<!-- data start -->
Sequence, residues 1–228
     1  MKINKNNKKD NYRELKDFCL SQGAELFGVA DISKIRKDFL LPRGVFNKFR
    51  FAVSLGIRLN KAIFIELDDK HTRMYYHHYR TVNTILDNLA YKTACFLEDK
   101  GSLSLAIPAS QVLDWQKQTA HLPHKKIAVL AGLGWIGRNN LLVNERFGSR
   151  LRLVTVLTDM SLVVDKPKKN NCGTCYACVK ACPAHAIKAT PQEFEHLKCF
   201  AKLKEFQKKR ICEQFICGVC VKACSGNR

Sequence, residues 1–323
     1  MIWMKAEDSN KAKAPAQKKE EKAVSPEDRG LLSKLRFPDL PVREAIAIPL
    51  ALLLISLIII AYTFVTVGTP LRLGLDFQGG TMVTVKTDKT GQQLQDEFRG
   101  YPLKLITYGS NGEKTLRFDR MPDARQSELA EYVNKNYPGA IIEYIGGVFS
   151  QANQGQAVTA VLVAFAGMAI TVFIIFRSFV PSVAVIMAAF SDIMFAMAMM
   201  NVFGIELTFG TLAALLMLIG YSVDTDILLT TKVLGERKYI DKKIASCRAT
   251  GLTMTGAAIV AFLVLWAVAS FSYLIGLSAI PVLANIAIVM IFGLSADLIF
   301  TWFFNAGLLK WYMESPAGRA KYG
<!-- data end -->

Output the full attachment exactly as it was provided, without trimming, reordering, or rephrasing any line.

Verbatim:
Sequence, residues 1–228
     1  MKINKNNKKD NYRELKDFCL SQGAELFGVA DISKIRKDFL LPRGVFNKFR
    51  FAVSLGIRLN KAIFIELDDK HTRMYYHHYR TVNTILDNLA YKTACFLEDK
   101  GSLSLAIPAS QVLDWQKQTA HLPHKKIAVL AGLGWIGRNN LLVNERFGSR
   151  LRLVTVLTDM SLVVDKPKKN NCGTCYACVK ACPAHAIKAT PQEFEHLKCF
   201  AKLKEFQKKR ICEQFICGVC VKACSGNR

Sequence, residues 1–323
     1  MIWMKAEDSN KAKAPAQKKE EKAVSPEDRG LLSKLRFPDL PVREAIAIPL
    51  ALLLISLIII AYTFVTVGTP LRLGLDFQGG TMVTVKTDKT GQQLQDEFRG
   101  YPLKLITYGS NGEKTLRFDR MPDARQSELA EYVNKNYPGA IIEYIGGVFS
   151  QANQGQAVTA VLVAFAGMAI TVFIIFRSFV PSVAVIMAAF SDIMFAMAMM
   201  NVFGIELTFG TLAALLMLIG YSVDTDILLT TKVLGERKYI DKKIASCRAT
   251  GLTMTGAAIV AFLVLWAVAS FSYLIGLSAI PVLANIAIVM IFGLSADLIF
   301  TWFFNAGLLK WYMESPAGRA KYG